The present investigation of the ionic strength and anion dependence of the reactions of Na,K-ATPase was prompted by the observation that substitution of NO3 for Cl resulted in a dramatic decrease in the affinity of Na,K-ATPase for ADP and ATP at the substrate site (Rossi and Nørby, 1993). Presumably the binding of the negatively charged ADP and ATP is assisted by attraction to positive charges at or around the binding site, and the inhibitory effect of NO3 could be a result of a neutralization of these charges. Characterization of the ionic strength dependence and the special inhibitory effect of NO3 (and other anions) could be useful in evaluating the events in both substrate binding and turnover.

Here we report first a detailed characterization of anion and ionic strength dependence of the equilibrium binding of ADP (and some eosin analogues) to the high affinity substrate site of Na,K-ATPase, and secondly we describe the effects of anions on the overall Na,K-ATPase as well as the K+-activated p-nitrophenylphosphatase (K+-pNPPase)1 reactions. It was found that the binding affinity decreased with increasing ionic strength and was further decreased by replacement of Cl with NO3, SCN, and ClO4, indicative of both unspecific electrostatic interactions and specific site-binding of anions. In the absence of information about the steric structure of the binding site and the electrostatic charges of Na,K-ATPase we have evaluated the ionic strength dependence of the ADP-binding by the simplest possible model. This considers the electrostatic properties of the binding site as those of a point charge, and we found that the interaction of this point charge with the charges on ADP or eosin could be quantified by the limiting law of Debye and Hückel (1923). The charge on the high-affinity site of Na,K-ATPase was calculated to +1. The Na,K-ATPase and K+-pNPPase activities were also inhibited by increasing ionic strength and specific anions. Quantitative evaluation by conventional kinetics and transition-state theory of the K+-pNPPase results was also compatible with a charge of +1 on the pNPP binding site, whereas there seemed to be little electrostatic interaction at the low affinity ATP-binding site.

Materials And Methods

Enzyme Preparations

Two types of membrane-bound Na,K-ATPase preparation from pig kidney outer medulla were used: EI, “zonal enzyme,” Vmax for Na,K-ATPase activity = 30–32 U · (mg protein)−1, was prepared according to Jørgensen (1974) by selective extraction of plasma membranes with SDS (sodiumdodecylsulphate) in the presence of ATP, followed by isopycnic zonal centrifugation. EII, “purified enzyme,” Vmax for Na,K-ATPase = 20–24 U · (mg protein)−1, also was prepared using the procedures of Jørgensen (1974) but without zonal centrifugation and with the SDS-activation modifications described by Jensen et al. (1984). Both preparations were stored at −20°C in 17.6 mM imidazole, 0.625 mM EDTA, and 250 mM sucrose, titrated to pH 7.4 with HCl, with 1.3 (EI) and 4 (EII) mg protein · ml−1, which is equal to an ADP-binding site concentration of about 4.3 μM (EI) and 10 μM (EII). The two preparations behaved identically and their properties were equal to those published earlier: The turnover, calculated from the Bmax of ADP-binding (e.g., see Table I) and Vmax, is close to 9,000 min−1, which is the same as that of the best preparations of pig kidney enzyme as well as that found for less purified preparations (Jørgensen, 1974, 1988). Also, the Kdiss for ADP-binding is 0.27 μM at basal conditions (see Table I, experiment 1A at I = 78 mM) which agrees well with the value of 0.22–0.25 μM obtained under similar conditions (Jensen et al., 1984). Furthermore, the response of the two preparations to changing ionic strength and [NO3] is the same (see Fig. 5).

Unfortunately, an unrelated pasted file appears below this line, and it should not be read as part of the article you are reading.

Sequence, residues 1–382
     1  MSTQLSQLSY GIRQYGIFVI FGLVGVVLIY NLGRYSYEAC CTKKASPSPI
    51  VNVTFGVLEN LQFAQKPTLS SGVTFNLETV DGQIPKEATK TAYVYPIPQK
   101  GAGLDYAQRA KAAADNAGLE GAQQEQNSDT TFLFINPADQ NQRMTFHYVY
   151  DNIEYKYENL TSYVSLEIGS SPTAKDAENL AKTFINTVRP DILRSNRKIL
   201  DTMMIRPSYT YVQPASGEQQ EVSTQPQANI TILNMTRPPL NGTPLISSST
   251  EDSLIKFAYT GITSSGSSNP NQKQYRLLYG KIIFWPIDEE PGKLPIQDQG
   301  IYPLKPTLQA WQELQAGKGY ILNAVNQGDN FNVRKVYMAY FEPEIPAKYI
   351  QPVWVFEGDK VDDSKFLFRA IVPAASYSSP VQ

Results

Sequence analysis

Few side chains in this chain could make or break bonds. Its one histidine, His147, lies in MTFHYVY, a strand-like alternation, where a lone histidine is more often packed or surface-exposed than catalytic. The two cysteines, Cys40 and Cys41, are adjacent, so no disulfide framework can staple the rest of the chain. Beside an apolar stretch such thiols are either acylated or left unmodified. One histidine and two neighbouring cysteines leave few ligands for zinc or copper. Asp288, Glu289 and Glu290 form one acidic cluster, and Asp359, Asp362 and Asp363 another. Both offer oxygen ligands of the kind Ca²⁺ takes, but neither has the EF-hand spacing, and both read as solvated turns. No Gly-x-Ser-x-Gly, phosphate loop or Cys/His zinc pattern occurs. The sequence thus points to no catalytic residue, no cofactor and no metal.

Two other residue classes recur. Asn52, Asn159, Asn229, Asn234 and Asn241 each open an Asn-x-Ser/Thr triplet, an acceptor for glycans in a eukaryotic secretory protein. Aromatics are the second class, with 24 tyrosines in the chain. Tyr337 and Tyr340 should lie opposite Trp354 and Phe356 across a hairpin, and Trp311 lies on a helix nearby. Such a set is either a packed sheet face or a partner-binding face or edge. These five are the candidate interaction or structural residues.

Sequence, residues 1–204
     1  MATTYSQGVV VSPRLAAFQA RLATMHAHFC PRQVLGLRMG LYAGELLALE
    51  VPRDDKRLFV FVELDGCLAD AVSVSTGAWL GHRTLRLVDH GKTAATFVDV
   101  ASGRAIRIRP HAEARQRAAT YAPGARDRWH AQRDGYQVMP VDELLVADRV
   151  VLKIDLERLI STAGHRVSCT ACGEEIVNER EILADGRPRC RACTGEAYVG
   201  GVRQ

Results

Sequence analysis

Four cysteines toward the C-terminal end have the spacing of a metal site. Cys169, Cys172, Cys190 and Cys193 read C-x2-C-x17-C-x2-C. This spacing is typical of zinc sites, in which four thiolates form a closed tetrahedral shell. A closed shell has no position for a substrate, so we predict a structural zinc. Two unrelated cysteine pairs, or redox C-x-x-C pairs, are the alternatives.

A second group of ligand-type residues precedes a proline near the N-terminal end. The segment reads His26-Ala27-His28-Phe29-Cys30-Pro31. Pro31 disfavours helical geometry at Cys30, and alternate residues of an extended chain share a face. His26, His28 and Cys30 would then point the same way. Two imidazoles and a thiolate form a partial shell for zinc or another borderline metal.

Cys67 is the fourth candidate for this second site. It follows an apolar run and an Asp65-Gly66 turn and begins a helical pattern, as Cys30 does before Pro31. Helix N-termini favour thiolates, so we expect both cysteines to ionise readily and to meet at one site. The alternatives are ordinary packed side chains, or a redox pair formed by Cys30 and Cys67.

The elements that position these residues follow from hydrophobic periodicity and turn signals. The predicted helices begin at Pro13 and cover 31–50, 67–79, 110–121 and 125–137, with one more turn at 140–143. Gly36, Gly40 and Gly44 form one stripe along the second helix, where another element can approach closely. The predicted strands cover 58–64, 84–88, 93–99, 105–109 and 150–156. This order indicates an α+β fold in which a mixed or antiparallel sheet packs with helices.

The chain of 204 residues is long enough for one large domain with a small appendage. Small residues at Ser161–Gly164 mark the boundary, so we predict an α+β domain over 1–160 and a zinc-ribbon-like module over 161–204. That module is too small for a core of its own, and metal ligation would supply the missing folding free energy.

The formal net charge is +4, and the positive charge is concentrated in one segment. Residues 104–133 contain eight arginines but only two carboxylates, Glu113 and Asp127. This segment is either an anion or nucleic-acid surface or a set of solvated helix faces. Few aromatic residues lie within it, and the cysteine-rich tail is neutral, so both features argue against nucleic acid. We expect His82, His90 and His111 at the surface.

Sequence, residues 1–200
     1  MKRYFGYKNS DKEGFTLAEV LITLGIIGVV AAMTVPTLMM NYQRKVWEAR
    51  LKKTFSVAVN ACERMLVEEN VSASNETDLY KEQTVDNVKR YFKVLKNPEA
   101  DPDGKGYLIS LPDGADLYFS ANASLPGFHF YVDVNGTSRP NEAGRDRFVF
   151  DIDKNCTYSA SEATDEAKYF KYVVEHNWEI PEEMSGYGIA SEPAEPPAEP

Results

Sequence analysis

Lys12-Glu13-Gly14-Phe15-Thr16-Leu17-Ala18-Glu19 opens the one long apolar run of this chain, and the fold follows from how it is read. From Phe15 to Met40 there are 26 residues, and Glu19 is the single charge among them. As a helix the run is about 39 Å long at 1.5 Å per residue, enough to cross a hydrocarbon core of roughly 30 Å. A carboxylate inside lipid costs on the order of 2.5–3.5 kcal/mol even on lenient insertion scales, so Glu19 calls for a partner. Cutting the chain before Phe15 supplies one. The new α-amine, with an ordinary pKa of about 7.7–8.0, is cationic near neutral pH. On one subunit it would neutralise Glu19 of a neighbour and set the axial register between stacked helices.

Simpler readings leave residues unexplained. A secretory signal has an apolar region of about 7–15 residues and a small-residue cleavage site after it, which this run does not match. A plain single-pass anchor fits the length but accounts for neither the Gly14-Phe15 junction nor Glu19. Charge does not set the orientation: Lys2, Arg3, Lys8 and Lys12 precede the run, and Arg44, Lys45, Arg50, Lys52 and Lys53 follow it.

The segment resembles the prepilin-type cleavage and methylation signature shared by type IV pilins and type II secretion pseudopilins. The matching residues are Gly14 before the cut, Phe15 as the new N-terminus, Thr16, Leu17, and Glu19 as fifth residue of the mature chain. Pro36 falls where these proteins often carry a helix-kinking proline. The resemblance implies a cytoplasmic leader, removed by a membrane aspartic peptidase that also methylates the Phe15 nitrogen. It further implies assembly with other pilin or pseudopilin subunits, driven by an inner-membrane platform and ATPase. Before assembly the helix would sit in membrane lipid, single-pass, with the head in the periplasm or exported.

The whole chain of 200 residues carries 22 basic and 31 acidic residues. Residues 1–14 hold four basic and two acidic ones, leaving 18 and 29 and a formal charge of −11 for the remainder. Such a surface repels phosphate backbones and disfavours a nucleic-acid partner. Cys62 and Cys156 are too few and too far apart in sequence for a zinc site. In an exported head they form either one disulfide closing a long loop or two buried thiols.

Protein was measured (Lowry et al., 1951) with a standard of BSA.

Equilibrium ADP-Binding

These measurements were performed as described previously (Nørby and Jensen, 1988; Jensen, 1992). The binding assays in Cl were done by mixing 4 ml enzyme-stock suspension with 5.7 ml of either H2O or NaCl of the appropriate concentration, 1.2 ml buffer (88 mM imidazole, 1,250 mM sucrose, and 3.125 mM EDTA, titrated to pH 7.4 with HCl) and 0.865 ml 150 mM EDTA/imidazole, pH 7.4. Each assay consisted of 1,300 μl of the mixture, 195–0 μl 150 mM Tris/HCl, pH = 6.3, and 5–200 μl 14C-ADP (e.g., 40 μM) in 150 mM Tris/HCl, pH = 6.3.